Dr. Alex Bond has recently begun his work as a conservation scientist as the Royal Society for the Protection of Birds in Bedfordshire, UK. Prior to this, he has done extensive research on ornithology and field ecology while based in Canada. Here, he shares his journey to his present career.
What is your educational background?
I got my start at C.E. McManus Primary School in Labrador City (sadly closed, I believe), but spent my formative years in the biology program at Mount Allison University, which is where I fell in love with fieldwork, and ecology in general. I did a M.Sc. at the Atlantic Cooperative Wildlife Ecology Research Network (ACWERN) at the University of New Brunswick in Fredericton before returning to Newfoundland for a Ph.D. at Memorial University of Newfoundland.
How did you get interested in conservation biology?
I went into my undergrad degree with the goal of being an optometrist, believe it or not. In my 3rd year, though, a prof brought in as a maternity replacement taught courses in ornithology, field ecology, mammalogy, and conservation biology. I was hooked. I also worked outdoors during my undergrad at an adventure tourism site in New Brunswick, so I was almost perpetually surrounded by nature, and spend lots of time hiking around Fundy National Park on my days off.
What is a typical day like for you?
I’m an early riser, and because I still have a fair amount of work left from my postdoc, I like to get into the office before the huge rush of arrivals at 9am to chip away at my own projects. My job is mostly desk-based, but I’ll be spending lots of time in the field starting in August. In the field, there’s no such thing as a typical day since we have to work with the birds and the weather (and when neither of those work, neither do we).
What are some challenges you face working as a conservation biologist?
I think the biggest challenges as a conservation biologist are facing the harsh reality of our impact on the biosphere every day, and trying to convey that to members of the public, policy makers, manager, and funders. A lot of the work I do involves the effects of marine wildlife ingesting plastic, how climate change affects different species and ecosystems, and the effects of introduced species on native wildlife. It’s really hard to provide concrete actions aimed at the first two, since the solutions are so global, and we’re just now starting to see the extent of the problems (even though the warning signs have been there for decades). It’s the classic “well, what can I do?” question, and I don’t always have an answer. Not having that quick and easy solution makes it challenging to communicate the science to the public and to policy makers. Conveying the idea of complexity is very hard. Given that conservation biology really isn’t a “feel good” discipline in the sense that the bad news generally outweighs the good, it can be easy at times to feel very down and helpless. Friends and colleagues have discussed this, and we take solace in the fact that we’re doing good by bringing these issues to the forefront, and that not studying them won’t make them disappear.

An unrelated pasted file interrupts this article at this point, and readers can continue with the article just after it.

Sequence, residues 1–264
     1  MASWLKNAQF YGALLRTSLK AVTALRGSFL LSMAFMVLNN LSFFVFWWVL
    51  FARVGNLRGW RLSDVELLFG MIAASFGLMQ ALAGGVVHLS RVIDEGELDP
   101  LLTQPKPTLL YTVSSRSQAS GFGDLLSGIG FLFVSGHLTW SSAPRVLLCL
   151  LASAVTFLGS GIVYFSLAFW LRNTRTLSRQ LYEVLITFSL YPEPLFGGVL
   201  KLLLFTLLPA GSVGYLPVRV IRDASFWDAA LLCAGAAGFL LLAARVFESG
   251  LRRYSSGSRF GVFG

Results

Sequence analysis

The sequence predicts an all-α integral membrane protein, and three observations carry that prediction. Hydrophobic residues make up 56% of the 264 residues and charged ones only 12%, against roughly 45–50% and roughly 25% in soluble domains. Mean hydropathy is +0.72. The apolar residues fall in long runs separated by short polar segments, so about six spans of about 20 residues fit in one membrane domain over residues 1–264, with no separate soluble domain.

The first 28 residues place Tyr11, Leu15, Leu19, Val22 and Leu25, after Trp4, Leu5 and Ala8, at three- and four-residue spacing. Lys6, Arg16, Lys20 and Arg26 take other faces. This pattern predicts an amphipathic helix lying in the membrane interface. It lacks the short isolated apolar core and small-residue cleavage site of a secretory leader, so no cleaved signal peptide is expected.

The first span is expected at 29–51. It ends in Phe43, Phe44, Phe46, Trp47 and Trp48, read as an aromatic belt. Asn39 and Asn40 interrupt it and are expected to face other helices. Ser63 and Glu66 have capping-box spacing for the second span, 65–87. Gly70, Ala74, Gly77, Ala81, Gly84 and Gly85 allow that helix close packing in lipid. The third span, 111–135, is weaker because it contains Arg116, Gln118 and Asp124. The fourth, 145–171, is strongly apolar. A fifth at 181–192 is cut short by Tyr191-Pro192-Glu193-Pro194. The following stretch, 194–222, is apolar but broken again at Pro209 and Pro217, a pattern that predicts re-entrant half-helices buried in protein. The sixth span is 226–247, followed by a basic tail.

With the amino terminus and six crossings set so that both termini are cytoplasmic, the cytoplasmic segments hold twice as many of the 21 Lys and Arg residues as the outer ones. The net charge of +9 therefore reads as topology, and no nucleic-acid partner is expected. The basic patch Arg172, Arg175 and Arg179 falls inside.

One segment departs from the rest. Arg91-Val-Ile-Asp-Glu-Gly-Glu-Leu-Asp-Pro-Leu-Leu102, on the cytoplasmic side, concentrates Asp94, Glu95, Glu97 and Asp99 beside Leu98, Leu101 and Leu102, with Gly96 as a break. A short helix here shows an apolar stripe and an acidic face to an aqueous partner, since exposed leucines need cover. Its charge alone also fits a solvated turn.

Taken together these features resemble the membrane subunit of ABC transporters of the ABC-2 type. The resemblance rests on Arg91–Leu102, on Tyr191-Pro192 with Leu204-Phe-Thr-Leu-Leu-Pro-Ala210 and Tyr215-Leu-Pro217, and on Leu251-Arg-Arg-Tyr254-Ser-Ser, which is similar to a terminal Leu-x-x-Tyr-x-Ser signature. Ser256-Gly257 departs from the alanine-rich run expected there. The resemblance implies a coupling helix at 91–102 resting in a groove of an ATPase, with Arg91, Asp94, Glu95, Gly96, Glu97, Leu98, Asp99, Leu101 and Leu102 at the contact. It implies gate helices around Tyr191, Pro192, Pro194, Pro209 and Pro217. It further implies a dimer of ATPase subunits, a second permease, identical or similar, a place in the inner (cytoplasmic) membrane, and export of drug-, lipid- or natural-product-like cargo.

You were working as a NSERC postdoctoral researcher for Environment Canada and University of Saskatchewan. What was that like?
I really enjoyed my time as a postdoc. I had the freedom to pursue my research, largely uninhibited, for almost 3 years. It was a really formative time, professionally, and I was based in a fantastic facility with great colleagues. It was also when I started blogging, and using Twitter as an academic tool, which has been absolutely fantastic. Being based in government was, on the whole, good in that it gave me lots of insight into how government research happens (or not), and the challenges faced by government researchers.